Time Management begins with very broad goals and direction, discovering who you are now, and deciding who you want to be. The gap between the two becomes the formation for your personal goal setting. Within that personal goal setting, you would establish annual, monthly, and even weekly goals. Behind that, your day-to-day activities should all contribute to those goals.
Certain things that land in my calendar become permanent, immovable objects. Non-negotiables, if you will. Examples of the immovable objects in my calendar are my kids’ sporting events. This may seem pretty benign to most, but when your kid has a 6pm soccer game, and your boss says you need to stay late that night……what are you going to say “no” to? Chances are, you fear for your job right now, and don’t want to feel expendable.There will be other soccer games, right?
Let me share with you a brief story that, while not really life changing (I had a pretty good idea of what my personal goals and strategies were at the time), really drove the point home for me. A few years ago, my dad and I were at a baseball game out in California. First game we had attended together in probably 20 years, due to schedules, and living in different time zones, and so on. As the game went on, we were talking about my oldest son, and how I really enjoyed seeing him playing in sports like I did. My oldest was only 5 at the time, and my dad is not one to give advice, especially unsolicited. That’s my mom’s department, and she gives enough unsolicited advice for several zip codes. However my dad then said that he would suggest that I never miss a single sporting event in my child’s life. I shared with him that I did not intend to, and I really wanted to make as many games as I could. My dad then said, “No, you need to be at every game. To this day, I have never forgiven myself for missing your first Home Run because I was at a damn class in Orange County. It was that night I began laying plans out to get out of the business I was in, and become my own boss”.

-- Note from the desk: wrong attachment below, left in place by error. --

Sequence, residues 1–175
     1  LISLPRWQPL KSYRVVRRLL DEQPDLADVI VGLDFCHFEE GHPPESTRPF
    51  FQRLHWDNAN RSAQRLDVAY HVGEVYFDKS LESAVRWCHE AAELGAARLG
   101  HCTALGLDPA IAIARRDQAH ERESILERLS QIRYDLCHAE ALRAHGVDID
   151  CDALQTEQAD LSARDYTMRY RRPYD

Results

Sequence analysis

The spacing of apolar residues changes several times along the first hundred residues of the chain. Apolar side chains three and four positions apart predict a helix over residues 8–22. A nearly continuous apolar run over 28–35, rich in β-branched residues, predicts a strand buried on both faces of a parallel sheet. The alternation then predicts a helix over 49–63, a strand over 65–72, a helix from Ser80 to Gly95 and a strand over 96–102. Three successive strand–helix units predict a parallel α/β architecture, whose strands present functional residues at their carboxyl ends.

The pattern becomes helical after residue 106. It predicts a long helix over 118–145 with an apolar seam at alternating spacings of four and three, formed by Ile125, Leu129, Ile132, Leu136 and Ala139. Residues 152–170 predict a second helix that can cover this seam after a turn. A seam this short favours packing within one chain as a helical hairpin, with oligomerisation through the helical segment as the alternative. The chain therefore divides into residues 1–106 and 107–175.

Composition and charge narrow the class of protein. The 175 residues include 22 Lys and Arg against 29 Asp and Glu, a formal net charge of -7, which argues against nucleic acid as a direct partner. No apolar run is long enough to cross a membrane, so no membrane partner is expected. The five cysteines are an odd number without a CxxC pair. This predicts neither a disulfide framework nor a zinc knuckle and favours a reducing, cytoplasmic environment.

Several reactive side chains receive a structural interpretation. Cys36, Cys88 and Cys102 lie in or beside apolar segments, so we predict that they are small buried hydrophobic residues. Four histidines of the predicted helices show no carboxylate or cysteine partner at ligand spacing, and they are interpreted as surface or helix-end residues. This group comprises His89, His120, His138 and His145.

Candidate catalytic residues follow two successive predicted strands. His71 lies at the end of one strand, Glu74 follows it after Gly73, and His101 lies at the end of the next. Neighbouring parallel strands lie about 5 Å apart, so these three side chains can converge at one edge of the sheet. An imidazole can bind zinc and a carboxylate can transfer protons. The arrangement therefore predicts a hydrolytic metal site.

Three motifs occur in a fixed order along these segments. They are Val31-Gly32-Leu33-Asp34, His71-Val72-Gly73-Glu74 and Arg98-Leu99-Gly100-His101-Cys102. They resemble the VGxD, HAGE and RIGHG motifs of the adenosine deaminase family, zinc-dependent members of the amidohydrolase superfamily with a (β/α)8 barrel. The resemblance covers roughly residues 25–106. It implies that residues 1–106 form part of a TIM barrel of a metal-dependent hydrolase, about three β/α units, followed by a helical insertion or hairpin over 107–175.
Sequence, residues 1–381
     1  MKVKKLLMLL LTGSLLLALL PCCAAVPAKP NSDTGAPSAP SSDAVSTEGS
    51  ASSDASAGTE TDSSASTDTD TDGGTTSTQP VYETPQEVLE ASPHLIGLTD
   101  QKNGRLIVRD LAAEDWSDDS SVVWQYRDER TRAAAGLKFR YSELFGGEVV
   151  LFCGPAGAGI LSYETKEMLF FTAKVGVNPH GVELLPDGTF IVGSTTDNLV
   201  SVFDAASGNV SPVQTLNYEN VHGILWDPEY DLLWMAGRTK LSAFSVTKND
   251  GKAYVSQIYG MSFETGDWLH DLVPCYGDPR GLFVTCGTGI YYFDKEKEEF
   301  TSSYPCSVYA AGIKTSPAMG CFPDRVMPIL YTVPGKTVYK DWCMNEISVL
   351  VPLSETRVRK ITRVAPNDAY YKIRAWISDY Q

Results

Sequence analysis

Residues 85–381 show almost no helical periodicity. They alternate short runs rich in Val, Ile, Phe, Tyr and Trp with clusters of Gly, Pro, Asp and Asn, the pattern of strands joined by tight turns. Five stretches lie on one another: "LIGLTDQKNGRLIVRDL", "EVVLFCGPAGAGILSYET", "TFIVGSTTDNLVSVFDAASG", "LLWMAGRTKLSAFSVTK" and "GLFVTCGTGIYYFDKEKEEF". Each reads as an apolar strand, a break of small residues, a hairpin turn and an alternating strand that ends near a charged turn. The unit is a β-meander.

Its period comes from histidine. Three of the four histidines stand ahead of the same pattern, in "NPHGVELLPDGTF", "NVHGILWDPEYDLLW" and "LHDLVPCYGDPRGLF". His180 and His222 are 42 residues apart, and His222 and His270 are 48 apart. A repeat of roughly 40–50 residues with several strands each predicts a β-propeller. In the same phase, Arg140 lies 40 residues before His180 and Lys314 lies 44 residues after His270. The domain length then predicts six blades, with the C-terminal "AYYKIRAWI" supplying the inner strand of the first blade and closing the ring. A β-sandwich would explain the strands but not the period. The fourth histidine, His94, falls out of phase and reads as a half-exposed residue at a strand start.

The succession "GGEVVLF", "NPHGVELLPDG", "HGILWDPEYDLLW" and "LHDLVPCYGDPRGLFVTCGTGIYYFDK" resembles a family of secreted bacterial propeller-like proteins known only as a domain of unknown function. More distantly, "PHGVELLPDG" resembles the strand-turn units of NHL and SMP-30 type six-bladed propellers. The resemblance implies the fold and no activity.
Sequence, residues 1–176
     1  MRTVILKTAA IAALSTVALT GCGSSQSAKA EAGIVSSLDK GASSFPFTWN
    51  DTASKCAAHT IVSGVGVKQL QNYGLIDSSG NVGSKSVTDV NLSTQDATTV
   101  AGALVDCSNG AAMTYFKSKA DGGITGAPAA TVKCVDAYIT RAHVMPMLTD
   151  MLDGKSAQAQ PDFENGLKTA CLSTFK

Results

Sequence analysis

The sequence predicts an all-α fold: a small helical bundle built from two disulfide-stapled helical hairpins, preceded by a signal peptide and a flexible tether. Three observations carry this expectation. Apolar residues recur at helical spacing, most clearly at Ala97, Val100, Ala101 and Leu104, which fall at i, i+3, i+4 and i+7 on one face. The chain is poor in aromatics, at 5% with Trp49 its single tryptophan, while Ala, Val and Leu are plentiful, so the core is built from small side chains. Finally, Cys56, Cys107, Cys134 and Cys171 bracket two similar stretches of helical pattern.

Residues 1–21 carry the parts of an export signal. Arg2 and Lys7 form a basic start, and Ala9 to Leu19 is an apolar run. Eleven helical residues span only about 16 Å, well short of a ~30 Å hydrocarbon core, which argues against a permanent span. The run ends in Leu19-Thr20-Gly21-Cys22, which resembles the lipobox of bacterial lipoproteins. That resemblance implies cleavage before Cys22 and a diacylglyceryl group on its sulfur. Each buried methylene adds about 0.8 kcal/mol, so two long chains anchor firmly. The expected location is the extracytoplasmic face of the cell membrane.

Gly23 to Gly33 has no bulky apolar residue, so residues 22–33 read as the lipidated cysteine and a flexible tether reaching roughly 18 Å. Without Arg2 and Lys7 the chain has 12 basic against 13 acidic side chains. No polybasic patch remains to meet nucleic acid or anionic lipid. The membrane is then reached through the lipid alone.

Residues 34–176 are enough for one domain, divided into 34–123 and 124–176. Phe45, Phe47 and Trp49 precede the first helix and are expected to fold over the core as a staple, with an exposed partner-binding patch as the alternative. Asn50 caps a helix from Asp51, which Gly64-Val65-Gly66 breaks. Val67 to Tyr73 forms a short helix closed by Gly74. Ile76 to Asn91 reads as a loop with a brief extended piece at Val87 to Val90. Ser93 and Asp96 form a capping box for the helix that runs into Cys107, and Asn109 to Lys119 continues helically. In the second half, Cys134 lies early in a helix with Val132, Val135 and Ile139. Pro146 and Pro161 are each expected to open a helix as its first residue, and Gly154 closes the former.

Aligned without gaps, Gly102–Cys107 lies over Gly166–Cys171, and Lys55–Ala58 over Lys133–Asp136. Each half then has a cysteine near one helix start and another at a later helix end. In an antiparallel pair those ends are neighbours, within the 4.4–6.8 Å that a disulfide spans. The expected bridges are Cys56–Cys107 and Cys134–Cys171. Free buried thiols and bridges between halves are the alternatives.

Now, in that I was no all star hitter, I hit all of four home runs in my entire youth baseball career. I stunk at soccer, but did score one disputed goal out of 3 that our pathetic team scored the entire only season I played. Football was better, and I have several touchdowns and good plays to my credit, but my dad missed my first Home Run. I shared with him that he saw the others, and I really never thought anything of it, since I was 12 at the time. While he appreciated my comments, he said he still never forgave himself.”
I never plan on putting myself in the same position, where 25 years later, I have regrets about missing something big in my childrens lives. So, they get pretty much top priority. In my oldest’s second year in soccer, he had a game where he scored nine goals. NINE. Two of them were headers. Now, since he was 6 at the time, I have not yet drawn up the contracts to send him off to AC Milan or Chelsea, but he was still pretty pleased with himself, and so was I. I feel pretty comfortable in saying that, unless he plays basketball (never a strong suit in our gene pool) he will probably not score or do nine of ANYTHING in a game, lest he be off to the pros.
My point? Well, if you’ve read this far, I’ve either struck a nerve, or you’re really bored. My point is that you begin with your time management by managing your SELF. Once you have your SELF under control, you can begin to organize the things around you, and have a greater understanding for how to prioritize your weekly (and, in some cases, daily) activities.
Oh, and when it comes to your boss asking you to stay late when your kid has a soccer game……a good manager realizes that a happy employee produces better work. We all still have deadlines, and we have to get our work done, but through proper planning and prioritization, you CAN have it all, even now.